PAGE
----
During the past few decades neuroscience has advanced a great deal but unfortunately sleep still continues to remain largely a riddle. However, what’s a known fact is that sleep like air, water, and food is indispensible for us. Sleep deprivation creates a sleep debt that our body is going to demand to have squared up with at some point.

Sleep Deprivation, Anxiety, Stress: Causes and Interrelation

Sleep deprivation may be caused due to various medical (painful ailments), environmental (light, noise, or extreme temperatures), or psychiatric (depression and anxiety disorders) conditions. The causes may be different, but sleep deprivation, indiscriminately, results in disruption of body’s natural slumber cycle in all cases.

Life stresses like job loss or change, passing away of a kith or kin, a temporary illness, or environmental factors usually trigger acute or short-term insomnia or sleeplessness. On the other hand, factors such as chronic stress, anxiety disorders (GAD, PTSD, etc.), depression, and chronic pain or discomfort at night, usually result in chronic or long-term insomnia that occurs at least three nights a week and continues for a month or longer. Ruminating in bed on daily basis about pending works, unresolved issues, and emotionally devastating long-term life-changes, or excessive worrying about future uncertainties are some of the common reasons leading to chronic insomnia.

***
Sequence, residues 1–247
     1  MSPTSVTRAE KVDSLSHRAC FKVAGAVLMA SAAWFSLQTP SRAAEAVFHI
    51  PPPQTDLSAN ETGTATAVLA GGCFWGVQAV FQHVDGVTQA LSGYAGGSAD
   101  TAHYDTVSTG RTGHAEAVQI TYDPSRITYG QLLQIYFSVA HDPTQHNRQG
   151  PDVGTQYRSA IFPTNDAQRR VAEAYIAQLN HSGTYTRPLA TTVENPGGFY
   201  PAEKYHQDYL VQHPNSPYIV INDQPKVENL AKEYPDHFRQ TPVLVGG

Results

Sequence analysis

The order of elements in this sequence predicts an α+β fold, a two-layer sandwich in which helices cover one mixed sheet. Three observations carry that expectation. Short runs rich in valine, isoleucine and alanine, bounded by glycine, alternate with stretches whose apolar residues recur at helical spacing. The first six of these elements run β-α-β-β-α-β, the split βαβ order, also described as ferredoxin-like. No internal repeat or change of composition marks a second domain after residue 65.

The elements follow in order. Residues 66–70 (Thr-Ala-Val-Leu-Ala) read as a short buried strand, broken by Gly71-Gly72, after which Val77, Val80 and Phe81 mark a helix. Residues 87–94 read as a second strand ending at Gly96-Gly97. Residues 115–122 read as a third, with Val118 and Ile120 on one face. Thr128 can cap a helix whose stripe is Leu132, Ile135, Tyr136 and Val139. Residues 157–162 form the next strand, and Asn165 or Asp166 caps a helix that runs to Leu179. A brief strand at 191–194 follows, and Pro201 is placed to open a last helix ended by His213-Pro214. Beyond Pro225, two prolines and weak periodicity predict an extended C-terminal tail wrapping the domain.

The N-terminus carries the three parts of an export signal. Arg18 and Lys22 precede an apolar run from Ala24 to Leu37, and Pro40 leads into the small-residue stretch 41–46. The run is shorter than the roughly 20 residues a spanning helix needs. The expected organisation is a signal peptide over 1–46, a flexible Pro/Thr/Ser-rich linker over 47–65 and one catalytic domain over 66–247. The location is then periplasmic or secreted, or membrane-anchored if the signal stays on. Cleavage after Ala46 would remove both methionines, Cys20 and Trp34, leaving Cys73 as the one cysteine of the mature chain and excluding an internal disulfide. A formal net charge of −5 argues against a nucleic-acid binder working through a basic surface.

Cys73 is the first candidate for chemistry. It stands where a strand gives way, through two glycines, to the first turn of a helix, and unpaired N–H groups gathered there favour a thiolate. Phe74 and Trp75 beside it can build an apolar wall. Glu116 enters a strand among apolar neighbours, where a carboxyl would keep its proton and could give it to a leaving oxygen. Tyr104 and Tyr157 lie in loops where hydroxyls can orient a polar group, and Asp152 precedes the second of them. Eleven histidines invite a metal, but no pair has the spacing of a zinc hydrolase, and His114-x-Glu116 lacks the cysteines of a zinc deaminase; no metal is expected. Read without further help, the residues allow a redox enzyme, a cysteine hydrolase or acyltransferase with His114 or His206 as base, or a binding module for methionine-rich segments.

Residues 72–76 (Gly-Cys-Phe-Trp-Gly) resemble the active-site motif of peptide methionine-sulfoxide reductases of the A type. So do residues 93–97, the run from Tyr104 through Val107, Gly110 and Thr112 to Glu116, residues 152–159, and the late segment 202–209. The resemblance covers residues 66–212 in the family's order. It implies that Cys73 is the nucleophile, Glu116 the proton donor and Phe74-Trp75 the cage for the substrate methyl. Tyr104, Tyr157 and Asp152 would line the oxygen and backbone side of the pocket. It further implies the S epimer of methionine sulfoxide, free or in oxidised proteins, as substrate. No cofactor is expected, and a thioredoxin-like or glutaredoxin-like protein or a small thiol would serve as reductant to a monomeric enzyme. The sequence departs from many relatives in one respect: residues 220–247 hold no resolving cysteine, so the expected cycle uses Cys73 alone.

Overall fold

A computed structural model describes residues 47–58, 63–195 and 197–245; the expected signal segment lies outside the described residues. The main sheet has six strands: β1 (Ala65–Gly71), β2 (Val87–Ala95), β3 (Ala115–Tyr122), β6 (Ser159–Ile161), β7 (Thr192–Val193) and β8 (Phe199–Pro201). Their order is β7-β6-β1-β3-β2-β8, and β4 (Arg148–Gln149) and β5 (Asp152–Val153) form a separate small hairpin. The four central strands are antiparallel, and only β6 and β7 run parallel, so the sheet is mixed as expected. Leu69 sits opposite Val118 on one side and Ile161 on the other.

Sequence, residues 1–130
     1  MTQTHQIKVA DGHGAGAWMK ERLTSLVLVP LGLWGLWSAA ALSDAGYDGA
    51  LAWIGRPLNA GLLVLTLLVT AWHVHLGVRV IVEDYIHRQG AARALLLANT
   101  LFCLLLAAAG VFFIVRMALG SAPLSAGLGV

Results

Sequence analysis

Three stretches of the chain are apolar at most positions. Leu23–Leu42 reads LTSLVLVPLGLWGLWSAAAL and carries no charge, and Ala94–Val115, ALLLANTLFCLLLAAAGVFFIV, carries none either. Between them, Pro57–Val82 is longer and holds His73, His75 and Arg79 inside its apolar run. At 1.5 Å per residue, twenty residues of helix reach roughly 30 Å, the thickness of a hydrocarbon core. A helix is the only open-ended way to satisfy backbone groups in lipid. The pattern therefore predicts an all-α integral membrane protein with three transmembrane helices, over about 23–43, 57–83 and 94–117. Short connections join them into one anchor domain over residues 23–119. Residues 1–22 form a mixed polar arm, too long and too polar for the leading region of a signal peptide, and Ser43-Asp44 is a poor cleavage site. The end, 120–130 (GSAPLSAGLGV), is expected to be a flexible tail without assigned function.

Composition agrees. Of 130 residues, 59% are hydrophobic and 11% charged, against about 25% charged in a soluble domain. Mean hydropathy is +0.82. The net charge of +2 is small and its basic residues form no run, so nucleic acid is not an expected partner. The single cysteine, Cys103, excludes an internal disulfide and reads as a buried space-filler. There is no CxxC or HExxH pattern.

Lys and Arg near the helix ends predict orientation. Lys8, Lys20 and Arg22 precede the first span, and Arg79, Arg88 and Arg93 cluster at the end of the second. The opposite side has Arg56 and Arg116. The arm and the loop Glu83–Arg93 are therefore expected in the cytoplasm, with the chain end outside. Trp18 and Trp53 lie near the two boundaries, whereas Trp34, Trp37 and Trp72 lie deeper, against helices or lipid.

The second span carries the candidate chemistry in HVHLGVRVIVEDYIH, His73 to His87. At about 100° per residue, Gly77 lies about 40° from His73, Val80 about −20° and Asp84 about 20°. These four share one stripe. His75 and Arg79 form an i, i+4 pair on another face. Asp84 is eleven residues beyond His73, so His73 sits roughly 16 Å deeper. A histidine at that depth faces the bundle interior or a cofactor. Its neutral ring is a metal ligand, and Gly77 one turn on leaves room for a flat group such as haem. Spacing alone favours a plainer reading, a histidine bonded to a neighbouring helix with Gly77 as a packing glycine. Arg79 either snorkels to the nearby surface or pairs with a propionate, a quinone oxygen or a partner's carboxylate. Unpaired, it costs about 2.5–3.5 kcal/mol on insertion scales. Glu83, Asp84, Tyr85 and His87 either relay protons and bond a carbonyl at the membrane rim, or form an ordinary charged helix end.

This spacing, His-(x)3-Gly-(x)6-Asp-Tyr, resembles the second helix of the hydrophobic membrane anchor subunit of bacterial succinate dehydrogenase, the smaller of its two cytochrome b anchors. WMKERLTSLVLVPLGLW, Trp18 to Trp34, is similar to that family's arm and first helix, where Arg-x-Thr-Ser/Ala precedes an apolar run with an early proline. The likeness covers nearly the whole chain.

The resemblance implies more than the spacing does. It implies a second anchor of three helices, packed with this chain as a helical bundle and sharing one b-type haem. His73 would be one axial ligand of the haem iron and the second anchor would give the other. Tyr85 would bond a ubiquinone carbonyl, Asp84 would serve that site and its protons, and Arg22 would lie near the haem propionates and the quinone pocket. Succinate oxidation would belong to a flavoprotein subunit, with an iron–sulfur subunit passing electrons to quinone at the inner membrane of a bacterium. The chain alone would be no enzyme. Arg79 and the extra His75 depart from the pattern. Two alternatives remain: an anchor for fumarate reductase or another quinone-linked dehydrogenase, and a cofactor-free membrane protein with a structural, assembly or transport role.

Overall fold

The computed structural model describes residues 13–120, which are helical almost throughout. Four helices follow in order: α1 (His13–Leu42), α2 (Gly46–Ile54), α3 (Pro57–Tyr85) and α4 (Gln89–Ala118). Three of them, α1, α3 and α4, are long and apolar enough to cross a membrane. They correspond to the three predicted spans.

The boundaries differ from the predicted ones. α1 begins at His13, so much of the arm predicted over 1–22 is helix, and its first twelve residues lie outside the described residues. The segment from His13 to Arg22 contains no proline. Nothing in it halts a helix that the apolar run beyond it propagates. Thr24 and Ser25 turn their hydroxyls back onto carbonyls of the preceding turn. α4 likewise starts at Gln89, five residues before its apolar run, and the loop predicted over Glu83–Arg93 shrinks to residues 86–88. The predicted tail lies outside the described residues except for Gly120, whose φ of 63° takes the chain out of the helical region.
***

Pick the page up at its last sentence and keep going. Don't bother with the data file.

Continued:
Most people who experience persistent stress and anxiety or panic attacks on a daily basis report that they have trouble sleeping. While stress and anxiety interfere with sleep, sometimes it becomes difficult to tell whether one is having trouble sleeping because of anxiety, or one is anxious because one can’t sleep. Actually, it may be both. Whereas stress and anxiety can cause sleeping issues, or worsen existing ones, lack of sleep can also cause an anxiety disorder.

It has been demonstrated that sleep debt can have severe ramifications on one’s anxiety levels. A study has shown that grave sleep deprivation leads to an increase in one’s state of anxiety, depression, and general distress in comparison with individuals who had a normal night of sleep. According to another study, individuals who were sleep deprived reported a greater spike in anxiety during tasks and rated the likelihood of potential disasters as higher when sleep deprived, as compared to when rested.